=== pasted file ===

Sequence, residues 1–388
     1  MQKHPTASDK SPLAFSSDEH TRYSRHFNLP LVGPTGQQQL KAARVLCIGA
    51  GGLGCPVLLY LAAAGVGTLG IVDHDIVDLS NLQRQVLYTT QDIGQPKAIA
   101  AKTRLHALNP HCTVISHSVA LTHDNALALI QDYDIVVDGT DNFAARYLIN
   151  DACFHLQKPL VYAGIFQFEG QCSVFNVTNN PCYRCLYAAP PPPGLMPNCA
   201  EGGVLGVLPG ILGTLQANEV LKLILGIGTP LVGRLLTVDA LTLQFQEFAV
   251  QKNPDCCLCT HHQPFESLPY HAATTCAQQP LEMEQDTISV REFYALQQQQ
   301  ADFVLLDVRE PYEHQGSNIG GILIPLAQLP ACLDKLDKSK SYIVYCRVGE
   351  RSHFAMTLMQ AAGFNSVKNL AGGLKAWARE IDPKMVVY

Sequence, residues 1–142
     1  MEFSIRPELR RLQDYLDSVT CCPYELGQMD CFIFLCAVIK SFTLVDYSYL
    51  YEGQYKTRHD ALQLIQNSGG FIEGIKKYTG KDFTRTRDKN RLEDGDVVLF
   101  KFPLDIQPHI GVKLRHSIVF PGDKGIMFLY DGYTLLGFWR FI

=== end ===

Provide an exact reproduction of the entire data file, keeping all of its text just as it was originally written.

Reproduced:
Sequence, residues 1–388
     1  MQKHPTASDK SPLAFSSDEH TRYSRHFNLP LVGPTGQQQL KAARVLCIGA
    51  GGLGCPVLLY LAAAGVGTLG IVDHDIVDLS NLQRQVLYTT QDIGQPKAIA
   101  AKTRLHALNP HCTVISHSVA LTHDNALALI QDYDIVVDGT DNFAARYLIN
   151  DACFHLQKPL VYAGIFQFEG QCSVFNVTNN PCYRCLYAAP PPPGLMPNCA
   201  EGGVLGVLPG ILGTLQANEV LKLILGIGTP LVGRLLTVDA LTLQFQEFAV
   251  QKNPDCCLCT HHQPFESLPY HAATTCAQQP LEMEQDTISV REFYALQQQQ
   301  ADFVLLDVRE PYEHQGSNIG GILIPLAQLP ACLDKLDKSK SYIVYCRVGE
   351  RSHFAMTLMQ AAGFNSVKNL AGGLKAWARE IDPKMVVY

Sequence, residues 1–142
     1  MEFSIRPELR RLQDYLDSVT CCPYELGQMD CFIFLCAVIK SFTLVDYSYL
    51  YEGQYKTRHD ALQLIQNSGG FIEGIKKYTG KDFTRTRDKN RLEDGDVVLF
   101  KFPLDIQPHI GVKLRHSIVF PGDKGIMFLY DGYTLLGFWR FI